Topics: Psychology, Multiculturalism, Culture Pages: 3 (1018 words) Published: December 20, 2012
Multicultural Psychology Paper
Janell Berry-Larkin
December 17, 2012
Dr. Gretchen Brandhorst

Multicultural Psychology Paper
The term multicultural means numerous ways of knowing or various worldviews. The study of the effects of several cultures in a lone social context on human behavior defines multicultural psychology. The notion in multicultural psychology is that there are worldwide and culture-specific phenomena but importance is placed on the latter of the two (Hall & Barongan, 2010). Multicultural psychology includes observing the influence of culture on the way individual’s actions, thoughts, and feelings. Culture is an outside factor since it influences the events that transpire around people and their interactions with others and it also influences our inner processes like how they understand the events that happen around them. Multicultural psychology is the systematic study of all facets of human behavior as it happens in environments where individuals of different backgrounds come across each another (Mio, Baker, & Tumambing, 2009). The information provided about the history of multicultural is vague. The scientific field of psychology began in 1879 when William Wundt, a German native, opened the first psychological lab. Individuals who had a desire to become psychologist study in Wundt’s laboratory. The American Psychological Association (APA) is the main professional organization of the field of psychology. The APA’s status amid minority groups is that the APA has to be pushed into acknowledging and addressing the needs of minorities. In 1979 the APA opened up the Office of Ethnic Minority Affairs (OEMA) where issues associated to cultural diversity would be handled. In 1987, Division 45, The Society for the Psychological Study of Ethnic Minority was founded. This division is for psychologists who are interested in multiculturalism. In the 1960s and 1970s attention was drawn to the fact that psychology failed...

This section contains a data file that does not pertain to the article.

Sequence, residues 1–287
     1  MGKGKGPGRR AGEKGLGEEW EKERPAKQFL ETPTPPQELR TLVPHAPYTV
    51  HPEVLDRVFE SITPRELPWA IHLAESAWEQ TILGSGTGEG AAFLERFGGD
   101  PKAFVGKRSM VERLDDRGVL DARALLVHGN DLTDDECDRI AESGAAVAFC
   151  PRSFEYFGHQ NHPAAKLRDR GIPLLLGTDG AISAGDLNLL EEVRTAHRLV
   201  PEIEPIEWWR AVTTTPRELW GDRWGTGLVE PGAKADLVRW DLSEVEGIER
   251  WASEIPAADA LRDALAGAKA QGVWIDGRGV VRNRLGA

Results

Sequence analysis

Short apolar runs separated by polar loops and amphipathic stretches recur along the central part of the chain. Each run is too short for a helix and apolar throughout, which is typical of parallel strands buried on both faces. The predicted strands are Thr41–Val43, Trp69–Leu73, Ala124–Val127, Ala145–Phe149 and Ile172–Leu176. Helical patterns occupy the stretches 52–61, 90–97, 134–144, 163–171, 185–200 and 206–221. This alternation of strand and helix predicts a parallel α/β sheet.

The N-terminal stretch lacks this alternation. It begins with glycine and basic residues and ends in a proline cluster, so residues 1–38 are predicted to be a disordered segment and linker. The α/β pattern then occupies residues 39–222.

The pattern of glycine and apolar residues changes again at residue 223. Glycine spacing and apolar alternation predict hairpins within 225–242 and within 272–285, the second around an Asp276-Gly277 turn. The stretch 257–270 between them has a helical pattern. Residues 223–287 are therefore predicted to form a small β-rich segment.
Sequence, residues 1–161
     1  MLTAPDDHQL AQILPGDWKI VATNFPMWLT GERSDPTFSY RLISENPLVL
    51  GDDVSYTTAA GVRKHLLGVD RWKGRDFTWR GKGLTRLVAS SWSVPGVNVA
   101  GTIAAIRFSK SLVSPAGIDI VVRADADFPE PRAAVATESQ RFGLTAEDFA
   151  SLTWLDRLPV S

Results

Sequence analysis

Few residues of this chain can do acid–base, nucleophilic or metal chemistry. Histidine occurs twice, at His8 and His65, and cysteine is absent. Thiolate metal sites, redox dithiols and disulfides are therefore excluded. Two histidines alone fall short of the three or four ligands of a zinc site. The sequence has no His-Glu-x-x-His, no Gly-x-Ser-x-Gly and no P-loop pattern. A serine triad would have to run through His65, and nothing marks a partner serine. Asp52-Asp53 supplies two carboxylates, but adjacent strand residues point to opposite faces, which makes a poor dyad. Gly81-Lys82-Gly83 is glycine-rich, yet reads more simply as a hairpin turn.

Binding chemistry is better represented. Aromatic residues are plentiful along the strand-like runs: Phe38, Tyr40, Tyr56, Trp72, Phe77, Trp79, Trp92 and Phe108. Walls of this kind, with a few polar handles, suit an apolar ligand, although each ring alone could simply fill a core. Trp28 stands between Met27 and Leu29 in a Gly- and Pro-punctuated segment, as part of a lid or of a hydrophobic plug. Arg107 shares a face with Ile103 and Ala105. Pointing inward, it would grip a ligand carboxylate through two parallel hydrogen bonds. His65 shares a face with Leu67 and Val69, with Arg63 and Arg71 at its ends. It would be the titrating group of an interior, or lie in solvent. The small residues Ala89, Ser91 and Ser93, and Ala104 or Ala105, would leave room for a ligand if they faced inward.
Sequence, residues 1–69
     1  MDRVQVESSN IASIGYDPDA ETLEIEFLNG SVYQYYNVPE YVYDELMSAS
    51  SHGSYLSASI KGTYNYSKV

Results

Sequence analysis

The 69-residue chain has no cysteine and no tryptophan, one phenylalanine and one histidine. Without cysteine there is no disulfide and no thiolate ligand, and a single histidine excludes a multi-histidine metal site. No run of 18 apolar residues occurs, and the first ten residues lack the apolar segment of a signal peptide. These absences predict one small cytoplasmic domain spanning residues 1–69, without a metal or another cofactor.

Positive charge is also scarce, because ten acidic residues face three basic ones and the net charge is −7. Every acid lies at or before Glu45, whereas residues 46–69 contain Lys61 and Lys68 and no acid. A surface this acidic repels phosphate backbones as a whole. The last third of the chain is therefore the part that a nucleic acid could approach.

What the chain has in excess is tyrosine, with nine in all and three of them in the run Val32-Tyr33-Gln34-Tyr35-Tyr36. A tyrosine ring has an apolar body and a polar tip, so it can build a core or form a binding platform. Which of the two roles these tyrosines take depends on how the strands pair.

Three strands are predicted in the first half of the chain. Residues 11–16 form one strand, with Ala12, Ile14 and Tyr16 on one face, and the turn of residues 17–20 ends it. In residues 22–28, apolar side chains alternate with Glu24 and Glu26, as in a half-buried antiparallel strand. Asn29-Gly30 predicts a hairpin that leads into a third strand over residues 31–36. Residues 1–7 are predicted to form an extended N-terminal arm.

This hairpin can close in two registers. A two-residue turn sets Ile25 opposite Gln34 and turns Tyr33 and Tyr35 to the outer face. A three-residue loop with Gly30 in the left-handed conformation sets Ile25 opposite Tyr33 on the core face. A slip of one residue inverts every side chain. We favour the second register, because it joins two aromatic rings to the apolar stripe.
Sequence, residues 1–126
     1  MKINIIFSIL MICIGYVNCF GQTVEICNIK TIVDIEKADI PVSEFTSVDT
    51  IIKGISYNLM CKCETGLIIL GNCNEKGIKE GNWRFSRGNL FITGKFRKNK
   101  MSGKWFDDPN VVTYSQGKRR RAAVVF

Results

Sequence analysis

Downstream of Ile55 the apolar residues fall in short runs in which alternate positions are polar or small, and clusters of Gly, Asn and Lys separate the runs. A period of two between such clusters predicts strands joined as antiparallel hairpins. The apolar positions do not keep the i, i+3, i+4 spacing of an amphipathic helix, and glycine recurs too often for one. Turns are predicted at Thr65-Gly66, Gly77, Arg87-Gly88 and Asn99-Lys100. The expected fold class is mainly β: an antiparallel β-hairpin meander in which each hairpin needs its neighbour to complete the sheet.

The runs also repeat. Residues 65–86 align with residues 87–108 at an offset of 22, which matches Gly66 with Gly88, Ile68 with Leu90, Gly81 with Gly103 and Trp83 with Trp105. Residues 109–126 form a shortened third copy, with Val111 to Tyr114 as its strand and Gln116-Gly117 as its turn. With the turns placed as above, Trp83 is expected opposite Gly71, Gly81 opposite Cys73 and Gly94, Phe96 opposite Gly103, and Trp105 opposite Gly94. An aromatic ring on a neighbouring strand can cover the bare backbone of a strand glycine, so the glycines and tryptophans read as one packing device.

References: Flowers, B., & Richardson, F. (1996). Why is multiculturalism good? American Psychologist, 51(6), 609-621.
Guidelines on multicultural education, training, research, practice, and orgnizational change for psychologists. (2003). American Psychologist, 58(5), , 377.
Hall, C., & Barongan, C. (2010). Multicultural Psychology (2nd ed.). Upper Saddle River, NJ: Pearson/Prentice Hall.
Mio, J., Baker, L., & Tumambing, J. (2009). Multicultural Psychology. New York, NY: Mcgraw-Hill.
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